China

China lobbying Pacific nations over Taiwan issue

The Pacific is Taiwan's last bastion of diplomatic support, with six nations in the region - Solomon Islands, Kiribati, Marshall Islands, Nauru, Tuvalu and Palau - recognizing Taipei rather than Beijing.

Taiwan donates large amounts of aid to these countries, and works hard to cultivate relationships with their political leaders.

But China is intent on prising off Taiwan's remaining allies around the globe.

The ABC reports Pacific officials lobbied by China asked not to be identified because they did not want to damage diplomatic ties with Beijing.

Tonga and Vanuatu join China's Belt and Road

The announcements came on the sidelines of the APEC summit in Papua New Guinea last week.

Tonga's memorandum of understanding on Belt and Road was followed by a reprieve of the country's debt payments owed to China.

Lopeti Senituli, a political adviser to Tongan Prime Minister 'Akilisi Pohiva, told Reuters the loan payments had been deferred for five years.

Meanwhile, the Vanuatu Daily Post reports Vanuatu signed seven different MoUs with China earlier this month, including a Belt and Road agreement.

ANG defers Shanghai flights

In a statement, the airline said: “Air Niugini is committed to ensuring the highest quality, on time service to all passengers and will continuously review its business to improve efficiencies.

“Our partners and the airline have invested heavily in setting up operations to achieve our goal of opening the Chinese market to Papua New Guinea. It is our desire to complete this venture at the earliest possible opportunity. 

Political repression in Hong Kong creates passport boon for Vanuatu

Vanuatu's honorary citizenship programme now makes up about 25 percent of total government revenue, bringing in $US16 million ($NZ23.97m) in the first quarter of this year.

Graeme Smith from the Australian National University in Canberra said this was driven by Chinese investors seeking a bolthole in the wake of President Xi Jinping's recent declaration as leader for life.

"The abolition of the term limits I think shifted something in a lot of people's minds and made them worried so that's why there's a huge number of passport sales," Dr Smith said.

NZ advises Pacific countries to ask China for debt forgiveness

The Samoa Observer reports that Winston Peters made the suggestion during an exclusive interview at the recent Forum Foreign Ministers Meeting in Samoa.

Mr Peters said the level of debts that Pacific Island nations owed to the Chinese government should be addressed at the leadership level.

Last week, Tonga Prime Minister Akilisi Pohiva cautioned Pacific Island nations to "slow down" asking China for loans.

He referred to the experiences of his own country, which owes the Chinese government $US160 million.

China takes up Australia's former radio space in Pacific

In response to budget cuts, the ABC last year ceased shortwave broadcasting in the Asia-Pacific region ahead of a switch to FM transmission.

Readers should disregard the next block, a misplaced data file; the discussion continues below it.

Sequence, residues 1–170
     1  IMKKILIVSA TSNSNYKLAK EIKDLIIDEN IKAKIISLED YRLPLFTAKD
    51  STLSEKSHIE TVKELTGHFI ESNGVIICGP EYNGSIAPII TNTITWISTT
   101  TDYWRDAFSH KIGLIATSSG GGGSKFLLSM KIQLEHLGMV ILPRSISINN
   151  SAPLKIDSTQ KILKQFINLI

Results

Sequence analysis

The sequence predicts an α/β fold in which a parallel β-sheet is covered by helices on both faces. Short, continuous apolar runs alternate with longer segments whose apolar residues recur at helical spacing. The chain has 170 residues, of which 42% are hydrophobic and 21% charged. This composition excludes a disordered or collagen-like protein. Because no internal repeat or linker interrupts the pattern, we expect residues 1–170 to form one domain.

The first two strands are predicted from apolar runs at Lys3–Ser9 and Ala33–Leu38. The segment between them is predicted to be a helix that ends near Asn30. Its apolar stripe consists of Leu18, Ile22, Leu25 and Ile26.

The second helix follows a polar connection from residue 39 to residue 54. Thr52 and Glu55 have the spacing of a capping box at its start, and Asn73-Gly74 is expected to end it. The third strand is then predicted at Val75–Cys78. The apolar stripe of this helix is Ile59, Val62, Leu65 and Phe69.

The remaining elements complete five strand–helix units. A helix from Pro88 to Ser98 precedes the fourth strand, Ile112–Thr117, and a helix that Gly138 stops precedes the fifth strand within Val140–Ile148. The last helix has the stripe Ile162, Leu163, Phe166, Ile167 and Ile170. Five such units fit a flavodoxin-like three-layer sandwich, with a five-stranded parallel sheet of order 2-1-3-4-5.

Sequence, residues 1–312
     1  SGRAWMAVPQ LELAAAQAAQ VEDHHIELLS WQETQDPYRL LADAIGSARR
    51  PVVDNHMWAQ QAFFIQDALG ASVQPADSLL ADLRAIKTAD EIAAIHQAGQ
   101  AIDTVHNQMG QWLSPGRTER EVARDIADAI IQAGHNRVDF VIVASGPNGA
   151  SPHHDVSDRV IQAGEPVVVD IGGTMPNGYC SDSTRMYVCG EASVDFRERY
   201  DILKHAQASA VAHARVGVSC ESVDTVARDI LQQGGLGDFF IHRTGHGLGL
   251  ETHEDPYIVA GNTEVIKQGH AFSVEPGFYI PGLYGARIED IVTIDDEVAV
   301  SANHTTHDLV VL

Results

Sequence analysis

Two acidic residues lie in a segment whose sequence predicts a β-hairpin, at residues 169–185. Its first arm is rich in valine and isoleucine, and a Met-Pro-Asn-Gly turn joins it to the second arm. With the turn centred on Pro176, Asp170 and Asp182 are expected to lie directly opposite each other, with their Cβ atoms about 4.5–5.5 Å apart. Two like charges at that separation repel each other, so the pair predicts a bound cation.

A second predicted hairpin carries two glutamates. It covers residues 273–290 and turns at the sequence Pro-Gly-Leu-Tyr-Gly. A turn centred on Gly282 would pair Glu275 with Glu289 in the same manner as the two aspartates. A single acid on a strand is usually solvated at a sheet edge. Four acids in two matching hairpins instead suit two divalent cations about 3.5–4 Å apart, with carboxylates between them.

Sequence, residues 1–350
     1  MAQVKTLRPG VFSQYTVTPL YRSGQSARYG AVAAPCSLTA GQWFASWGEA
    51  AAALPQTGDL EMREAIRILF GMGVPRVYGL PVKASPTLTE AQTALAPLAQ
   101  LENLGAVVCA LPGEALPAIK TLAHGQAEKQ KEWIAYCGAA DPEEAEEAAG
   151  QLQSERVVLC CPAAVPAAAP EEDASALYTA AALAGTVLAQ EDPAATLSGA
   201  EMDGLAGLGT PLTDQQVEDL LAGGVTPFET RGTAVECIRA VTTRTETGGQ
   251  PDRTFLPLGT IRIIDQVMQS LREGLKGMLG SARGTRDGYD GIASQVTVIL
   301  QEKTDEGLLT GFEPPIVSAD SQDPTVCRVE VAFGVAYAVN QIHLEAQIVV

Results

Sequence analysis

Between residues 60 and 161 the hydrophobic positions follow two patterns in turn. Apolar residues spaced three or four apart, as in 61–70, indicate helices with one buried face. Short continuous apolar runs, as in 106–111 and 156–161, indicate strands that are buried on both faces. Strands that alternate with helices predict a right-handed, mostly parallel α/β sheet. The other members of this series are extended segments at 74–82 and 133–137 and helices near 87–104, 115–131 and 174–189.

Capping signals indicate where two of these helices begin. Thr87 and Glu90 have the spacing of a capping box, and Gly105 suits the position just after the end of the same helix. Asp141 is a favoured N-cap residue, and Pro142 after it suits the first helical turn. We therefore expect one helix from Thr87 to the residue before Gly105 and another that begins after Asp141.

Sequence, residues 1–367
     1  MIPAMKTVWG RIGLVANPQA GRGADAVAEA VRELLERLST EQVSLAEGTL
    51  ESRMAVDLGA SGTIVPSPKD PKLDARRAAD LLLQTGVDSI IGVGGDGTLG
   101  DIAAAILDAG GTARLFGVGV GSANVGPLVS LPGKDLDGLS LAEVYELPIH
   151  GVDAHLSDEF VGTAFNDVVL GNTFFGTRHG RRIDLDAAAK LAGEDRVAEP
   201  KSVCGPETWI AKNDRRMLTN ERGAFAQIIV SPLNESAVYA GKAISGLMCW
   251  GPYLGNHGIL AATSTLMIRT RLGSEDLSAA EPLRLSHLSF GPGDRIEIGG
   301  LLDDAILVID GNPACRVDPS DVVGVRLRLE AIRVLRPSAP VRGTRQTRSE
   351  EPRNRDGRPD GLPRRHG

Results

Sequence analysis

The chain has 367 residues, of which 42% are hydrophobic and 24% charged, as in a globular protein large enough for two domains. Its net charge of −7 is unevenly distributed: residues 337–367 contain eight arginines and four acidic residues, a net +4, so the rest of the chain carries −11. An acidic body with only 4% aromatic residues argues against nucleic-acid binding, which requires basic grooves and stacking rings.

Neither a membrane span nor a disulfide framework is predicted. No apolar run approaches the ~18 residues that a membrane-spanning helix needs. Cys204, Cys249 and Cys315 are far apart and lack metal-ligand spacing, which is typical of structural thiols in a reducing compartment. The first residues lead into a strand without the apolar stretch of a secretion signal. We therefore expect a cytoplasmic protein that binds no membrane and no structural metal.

Australia-based technology observer Peter Marks told Radio ABC's Tech Headprogramme that since that withdrawal, the space was swiftly being filled.

"Since Radio Australia has dropped off shortwave, many of the exact frequencies we used to use have been now taken over by Chinese stations targetting the Asia Pacific region," he explained.

China says Australia's Pacific debt claim 'ridiculous'

The Sydney Morning Herald reported his comments following remarks by Foreign Minister Julie Bishop that the Australian government was concerned some Chinese financing arrangements in the Pacific would undermine the islands' sovereignty.

She said Australia would aim to offer alternatives to Chinese infrastructure development.

Ambassador Cheng Jingye said the idea China wanted to create debt-traps for the Pacific nations was "ridiculous".

China's relationships with Pacific nations were on an equal footing which was mutually beneficial, he said.

Vanuatu police officers to attend national security seminar in China

While addressing the officers today, Commissioner of Police, Albert Nalpini said it is historical for the VPF to send a large number of officers to China.

Nalpini emphasized the need for discipline and urged the officers to be good security ambassadors of Vanuatu on Chinese soil.

The seminar will focus on the international security landscape and the needs of the security area in Vanuatu.

There will be a range of lectures, practical and enterprise visits.

China provides money to re-start Vanuatu tuna processor

The Minister of Fisheries, Matai Seremaiah, described the agreement as the result of tough negotiations with the Chinese.

The Daily Post newspaper reported the money would be used by the SinoVan Company to upgrade the plant to the point where it can go into operation.

The plant was built 14 years ago but had not been able to operate because there had not been a suitable wharf.

Our correspondent said the Vanuatu Government was now planning to build the wharf.

Peppa Pig blocked from China's Douyin video platform

Social media users in the country noticed video clips of the cartoon were being removed on Saturday, and on Monday, state newspaper Global Times said that the #PeppaPig hashtag had been removed from the Douyin video website, while searches for "Peppa Pig" on the site produced no results.

Many papers also note that the platform appears to have added "Peppa Pig" to its list of blacklisted content.

The Peppa Pig cartoon is hugely popular in China, but despite being targeted at a pre-school audience, it has found mass appeal with Chinese adults in recent months.